By: Peter Leupi, Chief Data Scientist, boost.ai
In order to help someone, you have to first understand what they need help with. Machine learning can be useful in gaining a basic grasp on underlying customer intent, but it alone isn’t sufficient to gain a full understanding of what a user is requesting.
Machine learning is often mistakenly used as an umbrella term for the ‘AI’ in conversational AI. This is inaccurate. At boost.ai, for instance, we use a combination of machine learning and deep learning, with more than six deep learning models running in the backend.
A typical machine learning model for text classification, by contrast, uses only term frequency (i.e. the number of times a particular term appears in a data corpus) to determine the intent of a query. Oftentimes, these are also only simple and ineffective keyword-based algorithms.
At boost.ai, we don’t use term frequencies. Instead, we use a mixture of LSTM (Long-Short-Term-Memory), GRU (Gated Recurrent Units) and CNN (Convolutional Neural Networks). The advantage of using this combination of models - instead of traditional machine learning approaches - is that we can identify how the words are being used and how they are connected to each other in a given sentence. In simpler terms; a deep learning model will be able to perceive and understand the nuances of human language.
It doesn’t stop there, however. On top of these deep learning models, we have developed a proprietary algorithm called ASU (Automatic Semantic Understanding). ASU works alongside the deep learning models and tries to find even more complicated connections between the sentences in a virtual agent’s interactions with customers.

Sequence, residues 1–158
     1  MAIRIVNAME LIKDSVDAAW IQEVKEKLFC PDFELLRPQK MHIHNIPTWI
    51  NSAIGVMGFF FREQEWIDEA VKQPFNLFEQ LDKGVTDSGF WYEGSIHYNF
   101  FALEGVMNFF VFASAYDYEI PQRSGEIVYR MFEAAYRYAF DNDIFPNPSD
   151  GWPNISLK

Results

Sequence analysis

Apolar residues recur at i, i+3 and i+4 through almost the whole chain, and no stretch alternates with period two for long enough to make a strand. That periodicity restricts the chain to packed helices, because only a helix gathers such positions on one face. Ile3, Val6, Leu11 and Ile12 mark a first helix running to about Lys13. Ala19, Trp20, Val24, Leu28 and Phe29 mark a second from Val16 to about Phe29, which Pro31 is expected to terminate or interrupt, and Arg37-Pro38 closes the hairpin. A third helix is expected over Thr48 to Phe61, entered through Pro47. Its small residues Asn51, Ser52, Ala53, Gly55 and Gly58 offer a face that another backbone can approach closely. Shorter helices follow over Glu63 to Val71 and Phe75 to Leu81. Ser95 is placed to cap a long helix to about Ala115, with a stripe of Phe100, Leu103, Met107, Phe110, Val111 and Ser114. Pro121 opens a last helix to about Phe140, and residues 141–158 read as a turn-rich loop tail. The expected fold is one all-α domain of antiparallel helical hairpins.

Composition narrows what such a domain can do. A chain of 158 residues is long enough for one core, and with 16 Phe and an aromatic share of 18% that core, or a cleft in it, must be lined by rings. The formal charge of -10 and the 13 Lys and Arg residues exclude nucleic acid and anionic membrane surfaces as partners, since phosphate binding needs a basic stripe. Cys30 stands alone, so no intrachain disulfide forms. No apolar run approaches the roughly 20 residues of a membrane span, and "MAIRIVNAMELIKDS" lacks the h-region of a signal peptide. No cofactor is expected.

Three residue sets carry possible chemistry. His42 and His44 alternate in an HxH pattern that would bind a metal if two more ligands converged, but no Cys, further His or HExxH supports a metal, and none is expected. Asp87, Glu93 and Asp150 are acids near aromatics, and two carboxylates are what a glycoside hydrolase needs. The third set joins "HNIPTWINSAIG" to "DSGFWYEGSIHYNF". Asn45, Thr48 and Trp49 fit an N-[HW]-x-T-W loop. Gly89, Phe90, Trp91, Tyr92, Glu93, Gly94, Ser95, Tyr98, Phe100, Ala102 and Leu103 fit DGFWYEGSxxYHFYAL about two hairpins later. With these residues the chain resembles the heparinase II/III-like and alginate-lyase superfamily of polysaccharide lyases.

In addition to machine learning, deep learning and ASU, we made sure to make the NLP (Natural Language Processing) as robust as possible. It consists of several advanced components, such as language detection, spelling correction, entity extraction and stemming - to name a few. This foundation of rock-solid NLP ensures that our conversational AI is able to correctly process any questions, no matter how poorly they are composed.
An example of why this distinction matters:
- I canceled my trip and I want the ticket refunded
- You have canceled my trip, I assume the ticket gets refunded?
In the first sentence ‘I’, ‘canceled’, ‘trip’, ‘ticket’ and ‘refunded’ will be marked as important. In the second sentence ‘you’, ‘canceled’, ‘trip’, ‘ticket’ and ‘refunded’ will be marked as important.
Both ‘you’ and ‘I’ in the above sentences are known as stopwords and will be ignored by traditional algorithms. This will render the sentences essentially the same and unhelpful. Deep learning models (without the removal of stopwords) understand how these words are connected to each other and can, therefore, infer that the sentences are different.
The difference may be minimal for a machine, but the difference in outcome for a human is glaring and obvious. In the examples above, where the words used are the same for the two sentences, a simple machine learning model won’t be able to distinguish between the two. In terms of business value, automating this process incorrectly without sufficient natural language understanding (NLU) could be disastrous.
By understanding which words are important in a given context, ASU is able to figure out the potential mistakes made by deep learning models (if any) and can correct it (as long as the training data quality is sufficient). It’s an extra layer of understanding that reduces false positives to a minimum.
In short; our combination of machine learning, deep learning, ASU and NLP forms the most robust NLU imaginable and can easily decode and handle complex nuances to human language, as illustrated in the examples above.